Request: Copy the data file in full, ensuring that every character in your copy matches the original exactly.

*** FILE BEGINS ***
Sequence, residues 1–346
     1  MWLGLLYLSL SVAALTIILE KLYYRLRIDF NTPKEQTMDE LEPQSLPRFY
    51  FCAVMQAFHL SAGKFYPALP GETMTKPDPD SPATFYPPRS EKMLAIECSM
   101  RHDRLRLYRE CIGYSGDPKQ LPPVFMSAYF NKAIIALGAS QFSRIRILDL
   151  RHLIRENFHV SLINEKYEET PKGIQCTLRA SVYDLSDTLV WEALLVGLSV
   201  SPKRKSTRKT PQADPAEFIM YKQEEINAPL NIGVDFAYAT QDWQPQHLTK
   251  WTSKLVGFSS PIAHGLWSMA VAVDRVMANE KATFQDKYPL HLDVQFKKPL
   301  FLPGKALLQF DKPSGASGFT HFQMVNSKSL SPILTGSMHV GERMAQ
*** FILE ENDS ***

Sequence, residues 1–346
     1  MWLGLLYLSL SVAALTIILE KLYYRLRIDF NTPKEQTMDE LEPQSLPRFY
    51  FCAVMQAFHL SAGKFYPALP GETMTKPDPD SPATFYPPRS EKMLAIECSM
   101  RHDRLRLYRE CIGYSGDPKQ LPPVFMSAYF NKAIIALGAS QFSRIRILDL
   151  RHLIRENFHV SLINEKYEET PKGIQCTLRA SVYDLSDTLV WEALLVGLSV
   201  SPKRKSTRKT PQADPAEFIM YKQEEINAPL NIGVDFAYAT QDWQPQHLTK
   251  WTSKLVGFSS PIAHGLWSMA VAVDRVMANE KATFQDKYPL HLDVQFKKPL
   301  FLPGKALLQF DKPSGASGFT HFQMVNSKSL SPILTGSMHV GERMAQ